Statistics of Victimization in the LGBTQ Community

Minority groups have long been victims of persecution based on their ethnic background, religious beliefs, or cultural practices. Sexual minority individuals and those who identify as LGBTQ are also at increased risk for violence, harassment, and discrimination when compared to nonminority individuals. Despite the fact that these crimes are often well-publicized, the approximate rate of violence and discrimination suffered by LGBTQ is still unknown.

To get a better idea at what the prevalence of victimization is among this segment of the population Concetta P. Pelullo of the Department of Experimental Medicine at the Second University of Naples in Italy recently led a study involving 1,000 LGBTQ adults throughout Italy. The participants were recruited for one-on-one interviews and were asked about their experience with sexual and physical violence, discrimination, and verbal harassment. They were also asked to rate their level of fear relating to victimization.

Pelullo found that 28.3% of all participants had been victimized as a result of identifying as LGBTQ at some point in their lifetimes, and of those participants, 42.1% reported being victimized during the year prior to the study. Additionally, 11.9% of all participants had experienced victimization at least once in the previous year. The unmarried participants were more likely to experience discrimination, violence, or harassment compared to the married participants.

Similarly, those with lower levels of education were also at greater risk of victimization. Compared to the bisexual participants, lesbians were two times more likely to be victims. The types of victimization for all participants were listed in order of prevalence with verbal harassment being most common, followed by discrimination, physical violence, and sexual violence.

When the participants were asked to rate their level of fear related to these acts on a scale of 1 to 10, they reported levels between 5.7 and 6.4 for various types of discrimination and violence. Females were more fearful than men, and unmarried participants were more fearful than married participants. Further, those who had a history of victimization were more likely to have higher levels of fear when compared to participants with no history of victimization.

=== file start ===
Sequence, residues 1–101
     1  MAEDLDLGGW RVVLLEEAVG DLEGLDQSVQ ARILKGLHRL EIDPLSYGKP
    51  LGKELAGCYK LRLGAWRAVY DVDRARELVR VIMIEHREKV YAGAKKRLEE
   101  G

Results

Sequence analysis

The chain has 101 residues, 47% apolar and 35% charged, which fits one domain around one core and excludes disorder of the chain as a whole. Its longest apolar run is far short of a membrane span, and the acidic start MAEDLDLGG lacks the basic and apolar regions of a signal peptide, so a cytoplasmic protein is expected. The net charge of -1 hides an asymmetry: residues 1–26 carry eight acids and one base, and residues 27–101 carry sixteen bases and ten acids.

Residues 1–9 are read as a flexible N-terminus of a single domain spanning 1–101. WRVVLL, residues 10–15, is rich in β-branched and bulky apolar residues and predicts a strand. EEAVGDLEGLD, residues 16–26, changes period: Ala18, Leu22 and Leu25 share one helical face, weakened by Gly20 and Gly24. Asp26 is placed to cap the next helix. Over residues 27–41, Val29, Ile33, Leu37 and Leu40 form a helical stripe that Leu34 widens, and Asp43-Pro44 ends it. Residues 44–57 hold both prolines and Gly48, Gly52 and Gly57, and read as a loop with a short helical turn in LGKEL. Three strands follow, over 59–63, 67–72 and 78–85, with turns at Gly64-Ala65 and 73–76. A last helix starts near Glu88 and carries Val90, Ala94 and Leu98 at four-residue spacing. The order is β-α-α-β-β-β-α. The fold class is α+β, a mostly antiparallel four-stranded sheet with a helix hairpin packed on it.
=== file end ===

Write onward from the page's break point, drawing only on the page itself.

The findings presented here are startling, but essential for understanding the challenges LGBTQ individuals face. Pelulla added, “The study provides important insights into the violence experiences of lesbian, gay men, and bisexual women and men and the results may serve for improving policy initiatives to reduce such episodes.”

Reference:
Pelullo, C.P., Di Giuseppe, G., Angelillo, I.F. (2013). Frequency of discrimination, harassment, and violence in lesbian, gay men, and bisexual in Italy. PLoS ONE 8(8): e74446. doi:10.1371/journal.pone.0074446

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  • Mel

    Mel

    September 27th, 2013 at 10:34 AM

    Quite stunning.
    The amount of violence that this community has had to endure over the years is terrible and the fact that they continue to have to live with it year after year? Just devastating to so many.
    I realize that there are a number of factors at play here with one of the largets being that there is generally a lack of understanding of the lifestyle.
    But since when does a lack of understanding mean that it is then okay to perpetuate violence against another person?
    This is not reasonable and honestly, it is unacceptable.

  • travis

    travis

    September 28th, 2013 at 4:22 AM

    What makes this even more dramatic is that you know that in so many cases crimes like these go unreported because those in this community feel so marginalized to begin with that they fear being further victimized at the hands of those who are supposed to be helping them.

    So rthare than facing ridicule and a different sort of attack, they will keep this kind of victimization to themselves and we may never know the true numbers of these kinds of crimes as a result of that.

  • Grayson

    Grayson

    September 28th, 2013 at 9:46 AM

    Not only are those who identify as LGBTQ faced with the dauting task of coming out and feeling like a minority in a straight world that in many cases does not accept their sexual orientation, they are also left to face the challenges of living in fear of being assaulted or attacked for their choices or for who they fall in love with. What kind of sense does this make that I have to live in fear of being harassed all because you don’t like who I am in a relationship with and why is it any of your business, especially to the point that you feel the need to beat me up? That makes no kind of sense to me at all. It’s fine if you want to have a logical disagreement about it, let’s be adults and talk about it. But to induce harm? That’s not cool.

  • phillip

    phillip

    September 29th, 2013 at 8:50 AM

    My own brother was the victim of this sort of violence and it literally has torn the family apart. I don’t think that my dad actually realized how horrible this would be for my brother until he was attacked and then he saw the damage that was done. There is so much healing left to do for our family that sometimes i wonder if any of us will ever get thru it, especially my brother and my dad. They already had a pretty tense relationship when my brother came out, but now that my brother was attacked I think he sees himself as a victim all over again because I don’t think that my dad shows him the kind of support that a dad should show a son when he has been through something like this.

  • Lesley

    Lesley

    October 1st, 2013 at 3:58 AM

    If it is no longer acceptable to discriminate based on race, creed or color, then why to so many is it still acceptable to discriminate and hate based on sexual orientation?

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